James Clinton

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JamesClinton.jpg
Monument at the site of Gen. Clinton's dam at the source of the Susquehanna River on Otsego Lake in Cooperstown, New York

James Clinton (August 9, 1736 – September 22, 1812) was an American Revolutionary War officer who obtained the rank of brevet major general.

He was born in Ulster County in the colony of New York, in a location now part of Orange County, New York. He was the grandson of James Clinton a soldier in Oliver Cromwell's New Model Army [1] and the son of Charles Clinton, an Anglo-Irish colonist and a colonel in the French and Indian War. [2] He was the brother of George Clinton, who was governor of New York from 1777 to 1795 and U.S. Vice President from 1805 to 1812. James Clinton's first wife was Mary DeWitt, daughter of an old Dutch family. Sons with her included DeWitt Clinton, later Governor of New York and George Clinton, Jr., who served in Congress. His second wife was Mrs. Mary Gray, and his children with her included James G. Clinton, who served in Congress.

French and Indian War[edit]

James Clinton's military experience began in the French and Indian War, starting with an ensign's commission in 1757. He achieved the rank of captain in 1759.[3] In 1758, commanding a company, he participated, along with his father (Colonel) and brother George (Lieutenant), in General John Bradstreet’s capture of Fort Frontenac (now Kingston, Ontario). He and his brother played a key role in capturing a French vessel.[4]

James remained in the army, stationed at various frontier posts until the end of the war in 1763. He then retired and married Mary De Witt.

American Revolutionary War[edit]

During the American Revolution, Clinton was commissioned as a colonel of the 3rd New York Regiment, which took part in Brig. Gen. Richard Montgomery’s unsuccessful expedition to Quebec in 1775. In March 1776, Clinton took command of the 2nd New York Regiment and soon after, in August, was promoted to brigadier general in the Continental Army.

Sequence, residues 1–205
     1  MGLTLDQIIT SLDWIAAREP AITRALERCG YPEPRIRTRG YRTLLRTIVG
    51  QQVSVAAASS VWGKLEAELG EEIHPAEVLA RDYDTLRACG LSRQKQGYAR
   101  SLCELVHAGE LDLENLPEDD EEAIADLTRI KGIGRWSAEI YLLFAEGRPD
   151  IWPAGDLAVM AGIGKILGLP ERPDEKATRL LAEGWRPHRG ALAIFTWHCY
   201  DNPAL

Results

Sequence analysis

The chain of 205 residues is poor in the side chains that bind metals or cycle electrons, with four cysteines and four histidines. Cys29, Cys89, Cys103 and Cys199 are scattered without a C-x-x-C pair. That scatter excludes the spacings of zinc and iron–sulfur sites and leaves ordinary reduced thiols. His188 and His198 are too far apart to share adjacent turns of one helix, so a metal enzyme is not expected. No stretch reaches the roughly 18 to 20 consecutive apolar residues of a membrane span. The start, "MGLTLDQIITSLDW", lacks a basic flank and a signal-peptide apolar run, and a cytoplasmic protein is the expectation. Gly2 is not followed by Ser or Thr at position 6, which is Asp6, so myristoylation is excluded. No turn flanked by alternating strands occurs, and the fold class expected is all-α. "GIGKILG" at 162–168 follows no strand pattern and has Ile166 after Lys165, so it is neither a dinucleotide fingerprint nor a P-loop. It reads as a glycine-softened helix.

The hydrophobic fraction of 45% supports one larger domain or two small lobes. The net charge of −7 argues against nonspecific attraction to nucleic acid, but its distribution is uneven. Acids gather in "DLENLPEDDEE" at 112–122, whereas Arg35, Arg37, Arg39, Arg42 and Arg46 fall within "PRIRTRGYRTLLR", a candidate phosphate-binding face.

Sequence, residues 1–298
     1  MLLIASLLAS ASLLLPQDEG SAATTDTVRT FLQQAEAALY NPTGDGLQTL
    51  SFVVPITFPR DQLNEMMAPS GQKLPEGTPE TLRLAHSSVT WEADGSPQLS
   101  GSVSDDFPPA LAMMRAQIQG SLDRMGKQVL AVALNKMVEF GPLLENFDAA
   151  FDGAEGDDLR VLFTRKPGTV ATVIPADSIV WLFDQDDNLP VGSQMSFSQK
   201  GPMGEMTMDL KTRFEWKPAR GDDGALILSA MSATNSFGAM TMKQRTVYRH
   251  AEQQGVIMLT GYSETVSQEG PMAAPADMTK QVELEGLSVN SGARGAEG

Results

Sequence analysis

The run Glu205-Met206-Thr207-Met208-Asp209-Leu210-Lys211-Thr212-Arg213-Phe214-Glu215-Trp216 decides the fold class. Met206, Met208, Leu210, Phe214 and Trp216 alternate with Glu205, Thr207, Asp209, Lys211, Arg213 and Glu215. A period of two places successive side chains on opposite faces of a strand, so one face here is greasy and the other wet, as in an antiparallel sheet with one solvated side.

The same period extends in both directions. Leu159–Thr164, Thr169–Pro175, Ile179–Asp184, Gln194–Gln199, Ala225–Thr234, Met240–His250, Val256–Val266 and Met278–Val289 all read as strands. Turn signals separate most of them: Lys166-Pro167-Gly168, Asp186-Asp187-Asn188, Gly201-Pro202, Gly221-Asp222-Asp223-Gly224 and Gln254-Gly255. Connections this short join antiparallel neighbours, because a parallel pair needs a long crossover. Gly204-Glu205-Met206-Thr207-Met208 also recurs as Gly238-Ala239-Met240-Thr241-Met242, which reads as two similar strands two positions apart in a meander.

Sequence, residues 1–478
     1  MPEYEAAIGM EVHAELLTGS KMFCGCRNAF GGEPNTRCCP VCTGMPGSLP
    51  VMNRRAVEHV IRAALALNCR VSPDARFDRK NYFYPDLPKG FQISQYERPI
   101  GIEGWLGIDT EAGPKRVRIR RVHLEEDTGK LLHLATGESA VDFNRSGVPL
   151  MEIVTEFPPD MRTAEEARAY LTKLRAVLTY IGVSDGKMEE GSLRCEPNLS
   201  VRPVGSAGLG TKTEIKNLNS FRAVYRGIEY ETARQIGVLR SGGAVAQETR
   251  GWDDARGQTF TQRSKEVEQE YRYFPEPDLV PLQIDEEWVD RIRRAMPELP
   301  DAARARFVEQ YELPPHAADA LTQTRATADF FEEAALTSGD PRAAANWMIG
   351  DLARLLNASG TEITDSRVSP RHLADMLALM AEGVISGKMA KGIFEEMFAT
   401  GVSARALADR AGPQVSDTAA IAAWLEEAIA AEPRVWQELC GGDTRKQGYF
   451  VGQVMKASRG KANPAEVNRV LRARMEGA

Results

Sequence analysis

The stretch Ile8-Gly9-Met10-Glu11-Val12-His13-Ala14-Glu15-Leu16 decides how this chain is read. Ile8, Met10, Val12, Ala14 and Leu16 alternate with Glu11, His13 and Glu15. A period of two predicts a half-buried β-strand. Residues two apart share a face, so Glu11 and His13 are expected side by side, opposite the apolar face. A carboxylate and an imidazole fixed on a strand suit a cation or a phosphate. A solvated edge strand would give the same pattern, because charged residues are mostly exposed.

He served most of the war in the Northern Department, along the New York frontier. During the Saratoga Campaign in 1777, he commanded Fort Clinton in the Hudson Highlands. He participated in a successful effort to prevent British General Sir Henry Clinton from rescuing General John Burgoyne at Saratoga, but he and his troops were unable to hold Forts Clinton and Montgomery.

Plaque on the Monument at the site of Gen. Clinton's dam

In 1779 Clinton led an expedition down the Susquehanna River after making the upper portion navigable by damming up the river's source at Otsego Lake, allowing the lake's level to rise, and then destroying the dam and flooding the river for miles downstream. This event is described by James Fenimore Cooper in the introduction to his popular novel The Pioneers. At Tioga, New York, Clinton met up with General John Sullivan's forces, who had marched from Easton, Pennsylvania. Together, on August 29, they defeated the Tories and Indians at the Battle of Newtown (near today's city of Elmira, New York). This became known as the "Sullivan-Clinton Campaign" or the "Sullivan Expedition."

In 1780, Clinton temporarily commanded the Northern Department. By October 1781, his brigade had joined George Washington's army in the siege of Yorktown.

After War Years[edit]

In 1783 General Clinton became an original member of the New York Society of the Cincinnati.

After the war, as a civilian, he served on the commission defining the New York-Pennsylvania boundary and as a delegate to the New York state convention that approved the U.S. Constitution. Clinton died in Little Britain, New York, on September 22, 1812, the same year as his brother George.

References[edit]

  1. ^ A. J. Johnson & Co., Johnson's (Revised) Universal Cyclopaedia, Volume 2, 1886, page 112
  2. ^ Campbell, William W. (1849), The Life and Writings of De Witt Clinton, Baker and Scribner, pp. x–xiv, retrieved 2008-02-09 
  3. ^ William W. Campbell, Lecture on the Life and Military Services of General James Clinton, 1839, page 8
  4. ^ Campbell, William W. (1849), The Life and Writings of De Witt Clinton, Baker and Scribner, pp. xv–xvii, retrieved 2008-02-09 

External links[edit]